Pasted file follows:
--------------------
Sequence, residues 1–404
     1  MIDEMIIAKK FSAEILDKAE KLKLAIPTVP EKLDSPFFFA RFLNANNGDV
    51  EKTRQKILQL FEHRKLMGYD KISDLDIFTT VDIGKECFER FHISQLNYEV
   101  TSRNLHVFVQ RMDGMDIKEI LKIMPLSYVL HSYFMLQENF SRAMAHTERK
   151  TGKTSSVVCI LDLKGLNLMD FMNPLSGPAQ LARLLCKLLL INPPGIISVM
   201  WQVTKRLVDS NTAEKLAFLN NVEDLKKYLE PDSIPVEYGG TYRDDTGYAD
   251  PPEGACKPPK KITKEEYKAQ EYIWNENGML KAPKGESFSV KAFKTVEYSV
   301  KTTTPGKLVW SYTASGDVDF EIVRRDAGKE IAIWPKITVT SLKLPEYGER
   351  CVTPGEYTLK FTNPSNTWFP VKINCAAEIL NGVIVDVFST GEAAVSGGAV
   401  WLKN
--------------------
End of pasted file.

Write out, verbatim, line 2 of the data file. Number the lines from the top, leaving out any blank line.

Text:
     1  MIDEMIIAKK FSAEILDKAE KLKLAIPTVP EKLDSPFFFA RFLNANNGDV